I have a set of new OEM S10 bearings and seals my buddy at the dealer gave me when I "thought" my S10 needed wheel bearings. They are double sealed and I could give you the bearing numbers to cross reference if it helps. Korean made if I remember correctly. For my Strom I bought NTN bearings locally that were double sealed and seemed to hold up well.
But, I have a question that has been checked on another bike and sort of double asked on the YST forum. On my old Strom, if you picked up a wheel by the inner bearing races and spun the wheel, the bearings would turn very smoothly. When I did this with my S10 wheel, the bearings felt tight and the inner races would spin on my fingers instead of staying stationary. I found out by asking around at YST, that the S10 bearings feel tight until the inner races are pushed against the collar (if this makes sense). If I use my thumbs and push inward on both bearing inner races to keep them from rotating and roll the wheel on a floor, they feel smooth (this is not easy to do by the way). I am not sure if this is what Yamaha intended or if the collar may be too long or the wheel machined wrong where the bearing OD sits. Another S10 wheel seemed the same as mine.
I went so far as pulling my calipers and mounting the wheel with the original bearings, spun the wheel and I think they are good. It makes it hard for me to judge the bearing wear though. I discovered this at 18,000 miles and it seems the same at 24,000 miles. I tossed the new bearings in the spare parts box and am running the old ones for now.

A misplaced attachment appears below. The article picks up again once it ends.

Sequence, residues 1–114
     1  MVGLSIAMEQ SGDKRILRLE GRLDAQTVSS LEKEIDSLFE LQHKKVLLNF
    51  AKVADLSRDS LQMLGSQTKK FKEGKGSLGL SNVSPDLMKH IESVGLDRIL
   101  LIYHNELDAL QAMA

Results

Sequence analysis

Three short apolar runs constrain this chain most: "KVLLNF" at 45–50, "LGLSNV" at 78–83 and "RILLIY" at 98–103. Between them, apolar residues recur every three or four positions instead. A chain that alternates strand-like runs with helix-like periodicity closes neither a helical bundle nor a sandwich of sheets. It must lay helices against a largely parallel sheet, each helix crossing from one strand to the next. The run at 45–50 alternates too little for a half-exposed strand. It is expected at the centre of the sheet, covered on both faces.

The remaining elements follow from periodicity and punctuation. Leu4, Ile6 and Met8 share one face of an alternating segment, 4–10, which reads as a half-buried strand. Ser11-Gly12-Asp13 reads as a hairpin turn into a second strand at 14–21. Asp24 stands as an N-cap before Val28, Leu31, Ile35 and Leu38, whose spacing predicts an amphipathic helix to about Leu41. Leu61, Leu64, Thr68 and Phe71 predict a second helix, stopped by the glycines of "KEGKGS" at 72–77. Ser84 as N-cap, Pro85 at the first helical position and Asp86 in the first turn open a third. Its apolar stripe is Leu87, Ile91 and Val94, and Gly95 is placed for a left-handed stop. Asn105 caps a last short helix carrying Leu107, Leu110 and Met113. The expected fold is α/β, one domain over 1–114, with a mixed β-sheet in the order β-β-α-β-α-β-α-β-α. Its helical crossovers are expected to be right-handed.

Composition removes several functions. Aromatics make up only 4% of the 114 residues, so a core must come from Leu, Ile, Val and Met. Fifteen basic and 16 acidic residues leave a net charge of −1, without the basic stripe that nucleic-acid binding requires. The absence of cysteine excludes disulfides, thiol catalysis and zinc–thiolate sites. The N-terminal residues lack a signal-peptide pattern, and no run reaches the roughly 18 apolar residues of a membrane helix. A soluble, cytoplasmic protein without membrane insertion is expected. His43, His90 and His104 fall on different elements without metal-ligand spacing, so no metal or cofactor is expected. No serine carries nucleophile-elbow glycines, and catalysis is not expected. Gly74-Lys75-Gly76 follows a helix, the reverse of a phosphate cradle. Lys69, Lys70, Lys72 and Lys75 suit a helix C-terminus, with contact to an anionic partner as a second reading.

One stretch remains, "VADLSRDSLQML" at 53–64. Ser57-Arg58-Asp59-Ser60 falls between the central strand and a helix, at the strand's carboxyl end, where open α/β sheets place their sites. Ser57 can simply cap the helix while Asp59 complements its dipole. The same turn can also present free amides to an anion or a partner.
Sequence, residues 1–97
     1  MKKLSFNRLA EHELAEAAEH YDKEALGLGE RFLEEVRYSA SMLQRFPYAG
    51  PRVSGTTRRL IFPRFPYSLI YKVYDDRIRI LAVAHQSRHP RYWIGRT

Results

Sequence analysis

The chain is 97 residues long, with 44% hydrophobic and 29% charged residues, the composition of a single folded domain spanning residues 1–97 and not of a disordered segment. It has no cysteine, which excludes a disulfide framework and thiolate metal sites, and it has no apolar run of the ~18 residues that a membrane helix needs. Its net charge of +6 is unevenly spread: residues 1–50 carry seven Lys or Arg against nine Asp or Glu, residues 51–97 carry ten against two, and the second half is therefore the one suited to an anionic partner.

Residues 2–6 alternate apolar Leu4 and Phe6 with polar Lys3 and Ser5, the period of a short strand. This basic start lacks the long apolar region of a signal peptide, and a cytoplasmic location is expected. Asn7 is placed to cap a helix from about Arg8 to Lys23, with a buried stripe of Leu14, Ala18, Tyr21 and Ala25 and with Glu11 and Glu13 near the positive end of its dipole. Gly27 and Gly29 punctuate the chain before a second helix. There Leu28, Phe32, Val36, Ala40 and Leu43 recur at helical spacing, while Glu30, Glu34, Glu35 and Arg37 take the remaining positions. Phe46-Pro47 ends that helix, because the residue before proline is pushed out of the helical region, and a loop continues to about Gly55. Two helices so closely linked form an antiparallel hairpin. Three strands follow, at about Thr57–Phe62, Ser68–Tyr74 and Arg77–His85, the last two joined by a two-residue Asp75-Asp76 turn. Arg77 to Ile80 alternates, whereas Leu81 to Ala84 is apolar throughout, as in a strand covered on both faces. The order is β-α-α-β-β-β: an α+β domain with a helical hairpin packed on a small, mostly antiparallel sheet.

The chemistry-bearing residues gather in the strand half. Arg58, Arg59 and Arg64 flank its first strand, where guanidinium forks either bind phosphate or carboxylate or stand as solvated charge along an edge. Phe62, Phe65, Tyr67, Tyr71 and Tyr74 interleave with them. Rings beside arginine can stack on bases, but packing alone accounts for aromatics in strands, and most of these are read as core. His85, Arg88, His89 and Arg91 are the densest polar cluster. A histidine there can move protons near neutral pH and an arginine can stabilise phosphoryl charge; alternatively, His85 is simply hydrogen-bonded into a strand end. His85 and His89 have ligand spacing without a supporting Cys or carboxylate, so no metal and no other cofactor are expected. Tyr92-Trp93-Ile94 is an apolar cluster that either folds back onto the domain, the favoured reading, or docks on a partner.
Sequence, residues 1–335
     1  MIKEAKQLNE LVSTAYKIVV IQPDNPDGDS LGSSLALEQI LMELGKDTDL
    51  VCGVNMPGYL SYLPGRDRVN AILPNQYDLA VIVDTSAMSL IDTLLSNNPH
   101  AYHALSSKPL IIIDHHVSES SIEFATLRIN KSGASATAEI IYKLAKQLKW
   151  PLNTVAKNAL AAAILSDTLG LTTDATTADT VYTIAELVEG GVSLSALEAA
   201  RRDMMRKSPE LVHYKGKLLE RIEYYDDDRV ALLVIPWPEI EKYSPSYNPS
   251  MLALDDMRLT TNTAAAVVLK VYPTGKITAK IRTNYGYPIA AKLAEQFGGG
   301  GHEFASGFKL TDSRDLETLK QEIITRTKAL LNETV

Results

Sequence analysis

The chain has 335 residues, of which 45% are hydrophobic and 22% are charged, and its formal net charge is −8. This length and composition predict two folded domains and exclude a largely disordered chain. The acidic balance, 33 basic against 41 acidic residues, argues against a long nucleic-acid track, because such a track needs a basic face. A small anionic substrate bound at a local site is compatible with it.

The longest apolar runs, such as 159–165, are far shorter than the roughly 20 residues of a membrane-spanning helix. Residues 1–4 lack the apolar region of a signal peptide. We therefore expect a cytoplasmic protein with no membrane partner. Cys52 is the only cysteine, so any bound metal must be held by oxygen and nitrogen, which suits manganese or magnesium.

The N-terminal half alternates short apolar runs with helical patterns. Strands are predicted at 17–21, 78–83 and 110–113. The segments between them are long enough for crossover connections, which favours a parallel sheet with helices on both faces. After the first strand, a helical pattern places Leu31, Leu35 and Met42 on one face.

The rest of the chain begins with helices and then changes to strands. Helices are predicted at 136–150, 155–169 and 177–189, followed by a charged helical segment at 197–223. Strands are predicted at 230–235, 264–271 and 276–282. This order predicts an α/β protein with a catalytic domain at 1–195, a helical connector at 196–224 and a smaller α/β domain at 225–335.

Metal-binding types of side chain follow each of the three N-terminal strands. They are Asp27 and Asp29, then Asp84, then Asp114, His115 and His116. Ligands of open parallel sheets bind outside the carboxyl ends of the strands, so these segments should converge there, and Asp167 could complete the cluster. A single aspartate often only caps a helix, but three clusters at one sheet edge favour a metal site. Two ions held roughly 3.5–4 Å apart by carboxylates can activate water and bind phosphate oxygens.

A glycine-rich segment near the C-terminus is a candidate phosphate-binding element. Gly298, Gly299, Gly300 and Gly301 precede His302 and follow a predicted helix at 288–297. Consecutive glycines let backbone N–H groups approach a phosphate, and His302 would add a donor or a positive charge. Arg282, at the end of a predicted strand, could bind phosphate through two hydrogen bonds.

Your thoughts RCnNC?
I'll be honest, I don't think I've ever tried to turn the bearings with my fingers. When I check the bearings, I just pull the wheel from side to side to see if there's any play in it. I have taken the wheels off to change the tires, and when I do, I balance the wheels in one of those Marc Parnes balancers. Those have cones that fit inside the bearings to support the tire while it's being balanced. The balancer looks like this:
The whole axle, cones, and wheel rotate as a unit when the wheel is spinning; the unit sits on those bearings at each end of the axle, and it rotates on those bearings. The cones don't exert any inward pressure on the bearings the way a tightened axle on the bike would. My guess is that the inner races aren't moving while the wheel is being balanced, or else the axle of the balancer wouldn't be rotating on those bearings. So I'd guess if I tried to spin the inner races by hand, I'd probably experience the same tightness you did. If they weren't tight, then the wheel would rotate around the wheel bearings when it was on the stand, and the whole unit wouldn't be rotating on the axle of the balancing unit. Hopefully, that makes sense.....
If you have that set of OEM bearings, it would be awesome if you could read the numbers off them (or even take photos of them), so I can see if the numbers match up with what's available from bearing supply houses. There should be three different sizes of bearings in the set. The front bearings and the rear wheel non-drive side should measure 22x44x12. The rear wheel drive side should measure 22x50x14, and the bearing in the clutch hub should measure 25x47x12. I believe the front bearings and the rear wheel non drive side bearing should have a number something like 60/22 2RS, the rear wheel drive side should be something like 62/22 2RS, and the clutch hub should be something like 6005RD or 6005 2RS.
Thanks, I really appreciate the help!